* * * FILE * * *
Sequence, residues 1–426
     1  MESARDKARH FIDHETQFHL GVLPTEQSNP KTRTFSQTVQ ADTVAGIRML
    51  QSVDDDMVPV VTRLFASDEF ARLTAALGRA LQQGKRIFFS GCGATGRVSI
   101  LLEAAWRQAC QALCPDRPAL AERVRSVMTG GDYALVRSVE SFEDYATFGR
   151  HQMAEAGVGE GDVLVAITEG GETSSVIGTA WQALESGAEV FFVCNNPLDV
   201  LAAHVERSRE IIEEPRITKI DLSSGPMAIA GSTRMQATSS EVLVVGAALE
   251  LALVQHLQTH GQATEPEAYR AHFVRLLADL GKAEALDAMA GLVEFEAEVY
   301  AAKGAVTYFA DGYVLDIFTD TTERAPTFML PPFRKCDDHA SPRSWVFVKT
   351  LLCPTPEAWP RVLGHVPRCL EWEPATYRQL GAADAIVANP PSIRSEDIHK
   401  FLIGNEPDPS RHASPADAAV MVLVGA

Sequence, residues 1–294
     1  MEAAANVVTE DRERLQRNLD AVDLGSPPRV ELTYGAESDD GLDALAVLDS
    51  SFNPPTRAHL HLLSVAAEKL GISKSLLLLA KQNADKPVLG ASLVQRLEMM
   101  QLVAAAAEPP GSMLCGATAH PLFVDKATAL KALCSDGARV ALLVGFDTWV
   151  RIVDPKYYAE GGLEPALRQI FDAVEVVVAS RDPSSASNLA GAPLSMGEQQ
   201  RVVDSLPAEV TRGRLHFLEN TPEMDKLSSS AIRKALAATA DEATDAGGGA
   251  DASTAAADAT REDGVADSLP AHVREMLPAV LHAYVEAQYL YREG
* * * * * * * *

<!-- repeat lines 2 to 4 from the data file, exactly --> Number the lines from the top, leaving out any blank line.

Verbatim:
     1  MESARDKARH FIDHETQFHL GVLPTEQSNP KTRTFSQTVQ ADTVAGIRML
    51  QSVDDDMVPV VTRLFASDEF ARLTAALGRA LQQGKRIFFS GCGATGRVSI
   101  LLEAAWRQAC QALCPDRPAL AERVRSVMTG GDYALVRSVE SFEDYATFGR